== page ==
Forest Kindergartens Make Nature Their Classroom“ While schools and parents elsewhere push young children to read, write and surf the Internet earlier in order to prepare for an increasingly cutthroat global economy, some little Germans are taking a less traveled path — deep into the woods. Germany has about 700 Waldkindergärten, or “forest kindergartens,” in which children spend their days outdoors year-round. Blackboards surrender to the Black Forest. Erasers give way to pine cones. Hall passes aren’t required, but bug repellent is a good idea.”
Featured in this video: John Abbott is the President of the [[http://www.21learn.org/|21st Century Learning Initiative]], an initiative to facilitate the emergence of new approaches to learning in the United Kingdom.
Honour for First Wind-powered SchoolA village primary school has brought a new sense of pride to a former mining community devastated by a pit closure. The 107-pupil Cassop Primary School in Durham has become the first in the UK to be wind-powered through a wind turbine located in the school grounds. It also became the first to win an award for the country’s greenest school as part of the prestigious National Teaching Awards – screened live on BBC2.
expanding world view“I believe that current formal education still prepares students primarily for the world of the past, rather than for possible worlds of the future….[we have] not yet figured out how to prepare youngsters so that they can survive and thrive in a world different from one ever known or even imagined before.” Howard Gardner
Aboriginal learners can make unique contributions to fields of science and technologyThis report from the Canadian Council on Learning notes that aboriginal people in Canada are sharply under-represented in science and engineering occupations. More can – and must – be done to increase the relevance of learning and engagement of Aboriginal students in science and technology. Choosing careers in science and technology will benefit Aboriginal students directly through employment, but more importantly they can make a tremendous contribution to Canada.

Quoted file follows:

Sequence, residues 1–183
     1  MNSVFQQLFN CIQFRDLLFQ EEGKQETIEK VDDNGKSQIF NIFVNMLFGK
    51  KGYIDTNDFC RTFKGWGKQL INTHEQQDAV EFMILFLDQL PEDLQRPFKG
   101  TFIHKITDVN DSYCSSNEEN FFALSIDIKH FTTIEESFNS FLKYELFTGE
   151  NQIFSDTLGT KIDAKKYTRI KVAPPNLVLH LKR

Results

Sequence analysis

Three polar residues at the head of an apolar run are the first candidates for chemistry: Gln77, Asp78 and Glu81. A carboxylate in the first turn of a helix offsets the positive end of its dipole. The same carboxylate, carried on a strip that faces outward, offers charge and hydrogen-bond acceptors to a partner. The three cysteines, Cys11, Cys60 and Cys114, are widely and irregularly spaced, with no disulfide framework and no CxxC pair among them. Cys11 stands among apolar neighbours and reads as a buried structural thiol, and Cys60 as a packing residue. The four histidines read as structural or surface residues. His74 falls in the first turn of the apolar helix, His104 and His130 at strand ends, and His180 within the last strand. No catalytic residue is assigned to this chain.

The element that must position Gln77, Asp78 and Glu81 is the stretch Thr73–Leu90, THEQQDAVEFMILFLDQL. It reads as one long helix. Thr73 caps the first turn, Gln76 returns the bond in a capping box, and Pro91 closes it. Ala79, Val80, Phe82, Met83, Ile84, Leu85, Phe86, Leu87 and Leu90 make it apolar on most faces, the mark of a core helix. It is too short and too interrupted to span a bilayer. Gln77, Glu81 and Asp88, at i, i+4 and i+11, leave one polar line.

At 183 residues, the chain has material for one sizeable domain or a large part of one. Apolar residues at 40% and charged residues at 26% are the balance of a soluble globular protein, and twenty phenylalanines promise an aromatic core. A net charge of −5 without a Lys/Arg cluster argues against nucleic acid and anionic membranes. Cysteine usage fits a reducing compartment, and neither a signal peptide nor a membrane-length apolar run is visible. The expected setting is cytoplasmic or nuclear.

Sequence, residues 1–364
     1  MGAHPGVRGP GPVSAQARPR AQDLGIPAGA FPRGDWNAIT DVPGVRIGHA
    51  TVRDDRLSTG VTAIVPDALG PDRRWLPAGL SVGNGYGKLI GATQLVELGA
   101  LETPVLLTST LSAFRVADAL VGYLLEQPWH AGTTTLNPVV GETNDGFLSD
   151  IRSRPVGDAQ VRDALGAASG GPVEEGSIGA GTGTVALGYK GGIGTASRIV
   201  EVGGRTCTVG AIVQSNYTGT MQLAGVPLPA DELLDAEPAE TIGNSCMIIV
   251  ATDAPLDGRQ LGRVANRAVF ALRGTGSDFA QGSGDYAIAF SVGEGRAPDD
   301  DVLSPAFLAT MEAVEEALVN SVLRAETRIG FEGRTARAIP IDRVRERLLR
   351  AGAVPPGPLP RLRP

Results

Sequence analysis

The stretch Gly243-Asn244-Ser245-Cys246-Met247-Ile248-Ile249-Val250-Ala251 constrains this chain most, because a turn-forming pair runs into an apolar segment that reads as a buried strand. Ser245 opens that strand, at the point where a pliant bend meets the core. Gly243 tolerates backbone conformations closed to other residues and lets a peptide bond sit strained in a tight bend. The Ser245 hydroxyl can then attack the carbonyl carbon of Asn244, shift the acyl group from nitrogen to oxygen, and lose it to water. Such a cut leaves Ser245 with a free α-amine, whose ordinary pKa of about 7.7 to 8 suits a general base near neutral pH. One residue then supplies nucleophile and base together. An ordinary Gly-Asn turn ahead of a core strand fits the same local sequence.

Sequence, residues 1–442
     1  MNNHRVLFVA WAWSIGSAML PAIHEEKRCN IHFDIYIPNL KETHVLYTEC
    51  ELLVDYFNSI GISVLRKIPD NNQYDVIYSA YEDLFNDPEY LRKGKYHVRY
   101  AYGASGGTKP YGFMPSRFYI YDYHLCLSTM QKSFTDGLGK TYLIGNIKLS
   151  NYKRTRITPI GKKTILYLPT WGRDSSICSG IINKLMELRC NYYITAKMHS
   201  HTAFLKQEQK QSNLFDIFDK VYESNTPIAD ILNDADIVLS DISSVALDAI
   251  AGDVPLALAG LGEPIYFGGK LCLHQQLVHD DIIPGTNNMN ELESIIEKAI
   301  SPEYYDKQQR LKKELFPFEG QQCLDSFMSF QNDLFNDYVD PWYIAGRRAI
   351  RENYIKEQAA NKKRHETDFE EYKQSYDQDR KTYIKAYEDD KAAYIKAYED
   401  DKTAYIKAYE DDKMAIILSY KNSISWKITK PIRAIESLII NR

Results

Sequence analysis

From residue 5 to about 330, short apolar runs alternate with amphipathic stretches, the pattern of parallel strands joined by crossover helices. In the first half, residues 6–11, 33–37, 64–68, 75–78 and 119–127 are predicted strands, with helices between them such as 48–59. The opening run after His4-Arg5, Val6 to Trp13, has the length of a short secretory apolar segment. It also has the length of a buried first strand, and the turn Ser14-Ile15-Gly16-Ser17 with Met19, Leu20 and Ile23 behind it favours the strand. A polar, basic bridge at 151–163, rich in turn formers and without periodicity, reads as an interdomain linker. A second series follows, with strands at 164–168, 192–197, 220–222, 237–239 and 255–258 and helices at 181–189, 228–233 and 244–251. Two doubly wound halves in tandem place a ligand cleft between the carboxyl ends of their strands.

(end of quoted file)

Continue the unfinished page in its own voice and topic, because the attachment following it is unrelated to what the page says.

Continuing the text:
Ian’s work as a scientist began with a contradiction: “The scientists said that you can’t find any horny toads here. And I said, ‘My dad and I go out and catch them.’” The thirteen-year-old has now traveled to Idaho and California, where he and three classmates surprised working scientists by describing new discoveries about where the 3-inch-long lizards live and what they eat. “One man said that we presented better than most college students did,” says Ian.
Our programs: We provide Southern Gulf Islands students with elementary Eco-Adventures and high school Environmental Studies programs.
Curriculum Connections: Our programs connect to the BC education curriculum, while encouraging learners to go deeper, immersing themselves in the natural world to feel, understand and act for the environment.
west coast environmentors teach ecology and collaboration at B.C. alternative schoolThe Saturna Ecological Education Centre (SEEC) is an experiential, place-based ecological learning centre on beautiful Saturna Island, B.C. Operating as an alternative school within the local school district, SEEC programs integrate science, social studies, physical education, language arts and fine arts to create unique learning adventures that promote critical thinking, social responsibility and personal growth. Visit the [[http://www.seec64.ca/home/index.cfm|SEEC website]] or read the school’s newsletter, attached below.